Purification of mRNA is a technique well known to those of skill in the art. The exact methods used for purification depend on the organism or cell type from which the mRNA is to be obtained. Briefly, the cells are lysed, DNA is digested with RNase free DNase, total RNA is either ethanol precipitated or banded in CsCl, and mRNA is purified from total RNA by chromatography on an oligo(dT)-cellulose or poly(U)-Sepharose column (Berger, S. L., Methods in Enzymology 152:215-219 (1987); MacDonald, R. J. et al., Methods in Enzymology 152:219-227 (1987); Jacobson, A., Methods in Enzymology 152:254-261 (1987)). One should prepare mRNA using a method most suitable for the cell type they are using.
II. First Strand cDNA Synthesis
Purified poly A+ mRNA is precipitated and redissolved at 250 ng/μl in 5 mM HEPES pH 7.5, 0.1 mM EDTA. This RNA is denatured by mixing 8.0 μl (2.0 μg) with 0.9 μl 100 mM methyl mercury hydroxide and warming at 65° C. for 5 minutes. This is neutralized by addition of 0.9 μl 350 mM β-mercaptoethanol. The resulting solution is vortexed and centrifuged briefly in a microfuge to spin down the drops. Neutralization is allowed to occur for at least 1minute. The first strand synthesis reaction is prepared by mixing 8.0 μl of reverse transcription primer (the primer must not be phosphorylated at the 5' end), 8.2 μl H2 O 8.0 μl 5×BRL RT buffer (reverse transcription buffer from Bethesda Research Laboratories), 2.0 μl 100 mM dithiothreitol, 1.6 μl 10 mM dNTP mix, and 0.4 μl RNasin. This is warmed to 37° C. and then Superscript II reverse transcriptase is added at 1.0 μl per μg RNA. This is warmed at 37° C. for 60 minutes. The reaction is stopped by addition of 1.0 μl 500 mM EDTA and warming at 65° C. for 10 minutes. The amount of reverse transcriptase primer used in this reaction will vary depending on the specific primer. Final primer concentrations in the range of 1-30 μM are normally used. The expected yield is 0.2-0.4 μg of first strand per μg of input mRNA when a random primer is used and 0.5-1.0 μg when an oligo dT primer is used.
III. Second Strand Synthesis
The first strand synthesis reaction is fractionated on a Sepharose CL-4B column (Eschenfeldt, W. H. and Berger, S. L., Methods in Enzymology 152:335-337 (1987)). This separates high from low molecular weight material and will remove unincorporated dNTPs, excess primers and other low molecular weight material. The high molecular weight fractions are pooled. If the column is run using a buffer of 10 mM Tris pH 7.4, 10 mM KCI, 0.1 mM EDTA the pooled fractions can be used directly in the following step. Otherwise, ethanol precipitate the nucleic acid and resuspend in the said buffer.
Mix 1 μg heteroduplex cDNA produced in the first strand synthesis, 40 μl 10×1 for-all buffer (this is 250 mM Tris acetate pH 7.7, 500 mM potassium acetate, 100 mM magnesium acetate), 4.0 μl 1 M ammonium sulfate, 20.0 μl 100 mM dithiothreitol, 10.0 μl 2 mM dNTP mix (prepare a dNTP mix at about 1.0 Curie/millimole in 32 P dATP which is 1.5×106 disintegrations per minute (dpm) per microgram of second strand or 0.82×106 dpm/μg of ds cDNA), 4.0 μl 15 mM NAD (nicotine adenine dinucleotide), 4 μl 10 mg/ml bovine serum albumin, 1.6 μl RNase H at 1 unit/μl, 2.0 μl E. coli ligase at 2 units/μl, DNA polymerase I at 10 units/μl, and H2 O to give a final volume of 400 μl. Incubate this at 14° C. for 8-16 hours. Stop the reaction by addition of 10 μl 500 mM EDTA. The ds cDNA is then purified. Any type of purification step can be used, a wide variety of columns for such purposes being commercially available. The Qiaquick PCR cleanup procedure has been found to work well. This column is eluted with approximately 501μl of 10 mM Tris pH 8.5, 1.0 mM EDTA. This second strand synthesis step converts the heteroduplex cDNA quantitatively to ds cDNA.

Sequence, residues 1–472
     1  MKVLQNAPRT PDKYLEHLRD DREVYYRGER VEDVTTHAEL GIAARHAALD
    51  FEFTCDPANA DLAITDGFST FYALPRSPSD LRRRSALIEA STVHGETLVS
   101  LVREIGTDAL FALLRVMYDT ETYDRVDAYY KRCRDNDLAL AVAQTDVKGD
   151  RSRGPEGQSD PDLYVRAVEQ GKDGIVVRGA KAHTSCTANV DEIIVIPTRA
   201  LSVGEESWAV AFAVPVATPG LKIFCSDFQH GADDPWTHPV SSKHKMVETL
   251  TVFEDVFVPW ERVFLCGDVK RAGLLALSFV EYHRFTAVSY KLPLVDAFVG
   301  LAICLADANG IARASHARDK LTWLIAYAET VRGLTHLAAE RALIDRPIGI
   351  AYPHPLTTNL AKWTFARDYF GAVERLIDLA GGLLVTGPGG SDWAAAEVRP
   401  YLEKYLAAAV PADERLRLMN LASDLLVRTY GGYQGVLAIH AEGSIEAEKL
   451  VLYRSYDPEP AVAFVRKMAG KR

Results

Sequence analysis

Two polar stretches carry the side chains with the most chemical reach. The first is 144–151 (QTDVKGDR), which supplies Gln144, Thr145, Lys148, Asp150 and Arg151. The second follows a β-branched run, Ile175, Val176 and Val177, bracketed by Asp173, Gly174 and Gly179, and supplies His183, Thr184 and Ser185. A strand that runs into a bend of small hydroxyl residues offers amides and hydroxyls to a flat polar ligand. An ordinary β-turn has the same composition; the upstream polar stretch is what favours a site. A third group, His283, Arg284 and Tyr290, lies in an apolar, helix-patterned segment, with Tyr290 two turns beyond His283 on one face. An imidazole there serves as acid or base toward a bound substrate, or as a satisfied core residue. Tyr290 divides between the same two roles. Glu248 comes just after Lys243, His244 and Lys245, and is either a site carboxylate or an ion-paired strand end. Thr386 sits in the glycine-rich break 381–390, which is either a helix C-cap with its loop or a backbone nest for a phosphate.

IV. 5' end polishing
In practice the step of second strand synthesis leaves many cDNA molecules with ragged ends, i.e., they are not fully double stranded at both ends but may have an overhang of single stranded region. This polishing step removes any single stranded ends of the cDNA. Polishing is accomplished by mixing 2.0 μg ds cDNA, 10.0 μl 10-1 for-all buffer, 1.0 μl 100 mM dithiothreitol, 3.0 μl 10 mM dNTP mix (yielding 300 μM of each dNTP), 1.4 μl 1.5 mM NAD, 4.0 μl RNase A at 1 ng/μl, 1.6 μl RNase H at 1 unit/μl, 4.0 μl E. coli ligase at 2 units/μl 1.65 μl T4 DNA polymerase at 4 units/μl, 1.34 μl T7 DNA polymerase at 10 units/μl, and bring to 100 μl volume with H2O . Incubate at 15° C. for 15 minutes then stop the reaction by addition of 3.0 μl 500 mM EDTA. Phenol:chloroform extract the mix and back extract with ammonium acetate:isopropanol with 1 μg of glycogen carrier. Rinse with 80% ethanol, dry in a lyophilizer, and resuspend the DNA in 10 μl of TE.